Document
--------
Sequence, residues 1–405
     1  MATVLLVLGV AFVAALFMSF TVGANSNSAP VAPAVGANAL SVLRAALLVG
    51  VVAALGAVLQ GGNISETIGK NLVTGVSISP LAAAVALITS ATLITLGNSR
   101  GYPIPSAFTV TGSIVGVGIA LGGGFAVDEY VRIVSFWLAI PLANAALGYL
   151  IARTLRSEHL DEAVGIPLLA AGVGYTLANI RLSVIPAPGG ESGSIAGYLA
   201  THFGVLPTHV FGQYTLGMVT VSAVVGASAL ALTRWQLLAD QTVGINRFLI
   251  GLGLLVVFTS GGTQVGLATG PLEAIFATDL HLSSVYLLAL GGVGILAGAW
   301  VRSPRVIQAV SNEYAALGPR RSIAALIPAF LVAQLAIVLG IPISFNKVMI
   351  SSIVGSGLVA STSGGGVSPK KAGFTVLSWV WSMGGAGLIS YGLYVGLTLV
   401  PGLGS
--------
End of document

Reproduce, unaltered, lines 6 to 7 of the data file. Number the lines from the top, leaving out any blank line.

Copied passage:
   201  THFGVLPTHV FGQYTLGMVT VSAVVGASAL ALTRWQLLAD QTVGINRFLI
   251  GLGLLVVFTS GGTQVGLATG PLEAIFATDL HLSSVYLLAL GGVGILAGAW